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Review
. 2012 Feb;24(1):119-28.
doi: 10.1016/j.coi.2011.11.005. Epub 2011 Dec 15.

Antigen Presentation Events in Autoimmune Diabetes

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Free PMC article
Review

Antigen Presentation Events in Autoimmune Diabetes

Boris Calderon et al. Curr Opin Immunol. .
Free PMC article

Abstract

Antigen presenting cells (APC) be they dendritic cells (DC) or macrophages reside in all tissues. Their role varies from presenting antigen, clearing the tissue from unwanted material, helping in the remodeling that follows injury and inflammation, to a supporting or trophic function. Their features, biology, and turnover may be unique for each organ, modulated by the particular anatomy and physiology of the tissue. These features affect the handling and presentation of antigens, either exogenous such as those from viruses or bacteria, or endogenous, autologous proteins in situations of autoimmunity. Herein, we focus on the resident APC of the islets of Langerhans and their role in autoimmune diabetes. The intra-islet APC are central cells in diabetogenesis by presenting beta cell derived antigens and by modulating the localization of T cells into the islets.

Figures

Figure 1
Figure 1. Islet size and DC content in normal and in CSF-1-/- mice (Op/Op)
(a) Distribution of islet area vs. CD11c+ cells in islets of 6 week old C57BL/6 mice. (b) Comparison of islet CD11c+ content in islets of C57BL/6 and Op/Op mice. (c) Distribution of islet area vs. CD11c+ cells in islets of 6 week old Op/Op mice. From reference .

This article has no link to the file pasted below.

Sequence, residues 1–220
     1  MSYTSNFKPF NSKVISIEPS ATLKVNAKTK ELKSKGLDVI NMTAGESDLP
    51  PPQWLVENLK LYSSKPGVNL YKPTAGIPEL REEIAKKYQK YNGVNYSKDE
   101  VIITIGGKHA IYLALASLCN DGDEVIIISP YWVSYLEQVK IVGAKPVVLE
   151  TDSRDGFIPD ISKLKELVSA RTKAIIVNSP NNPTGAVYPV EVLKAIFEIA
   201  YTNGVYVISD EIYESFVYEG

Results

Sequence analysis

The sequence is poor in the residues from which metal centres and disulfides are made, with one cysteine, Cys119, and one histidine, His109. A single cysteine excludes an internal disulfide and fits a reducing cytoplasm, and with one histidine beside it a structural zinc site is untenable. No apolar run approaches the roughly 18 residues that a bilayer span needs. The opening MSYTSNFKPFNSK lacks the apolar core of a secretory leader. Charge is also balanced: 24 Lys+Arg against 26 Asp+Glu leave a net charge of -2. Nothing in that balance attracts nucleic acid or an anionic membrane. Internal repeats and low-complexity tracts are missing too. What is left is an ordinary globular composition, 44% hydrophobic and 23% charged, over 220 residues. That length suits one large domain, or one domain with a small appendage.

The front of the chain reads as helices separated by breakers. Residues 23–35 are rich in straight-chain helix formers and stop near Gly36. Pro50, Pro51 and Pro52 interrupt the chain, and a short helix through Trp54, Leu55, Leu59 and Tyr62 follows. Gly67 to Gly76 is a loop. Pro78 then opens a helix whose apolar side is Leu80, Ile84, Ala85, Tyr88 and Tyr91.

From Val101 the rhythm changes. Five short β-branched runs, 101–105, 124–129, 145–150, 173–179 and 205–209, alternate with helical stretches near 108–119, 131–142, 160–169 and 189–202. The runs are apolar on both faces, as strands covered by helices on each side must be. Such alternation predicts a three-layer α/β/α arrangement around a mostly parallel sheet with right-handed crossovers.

Figure 2
Figure 2. Islet DC present β-cell derived antigen to specific T cell hybridomas
(a and b) Electron microscopy analysis of NOD.Rag-1-/- islets showing islet DC with an insulin granule inside a vacuole (arrow) (a) and islet DC with dendrites extending to adjacent β-cells (b). (c to e) Dispersed islet T cell assays showing: insulin-specific T cell hybridomas cultured with titrating amounts of NOD.Rag-1-/- dispersed islets (c), 3A9 T cell hybridomas cultured with dispersed islets from high producer IP-HEL mice (ILK3 strain) (d) or cultured with dispersed islets from low producer IP-HEL mice (117 strain) with or without low dose STZ treatment 4 days before islet isolation. Panel (a), (c), (d) and (e) published as Figure 3 and 6 from reference , with permission from PNAS. Panel (b) is from unpublished data.
Figure 3
Figure 3. Proposed model of CD4 T cell entry into the islets of Langerhans Specific T cell entry
(a) Secretory granules are taken up by the islet DC (shown in green), which are then processed and its peptides presented by MHC II. (b) Specific CD4 T cells (shown in blue) encounter their antigen presented by islet DC protruding through the fenestrated endothelium of the vessel. (c) MHC II recognition and the interaction of LFA-1/ICAM-1 favors the retention and adhesion to the endothelium of the specific T cell in the vessel. (d) The retention allows the entry of the T cell into the islet. Once inside the islet, T cell interacts with islet DC and become activated. These steps will trigger inflammatory signals and gene changes in the islet increasing ICAM-1, VCAM-1 and inflammatory chemokines. Non-specific T cell entry: (e) Non-specific T cells in circulation (shown in red) will encounter the inflammatory signals (chemokines and VCAM-1) that will allow its retention and adhesion to the islet endothelium. (f and g) Attachment to VCAM-1 and the inflammatory chemokine gradient will lead to non-specific T cell entry into the islet.

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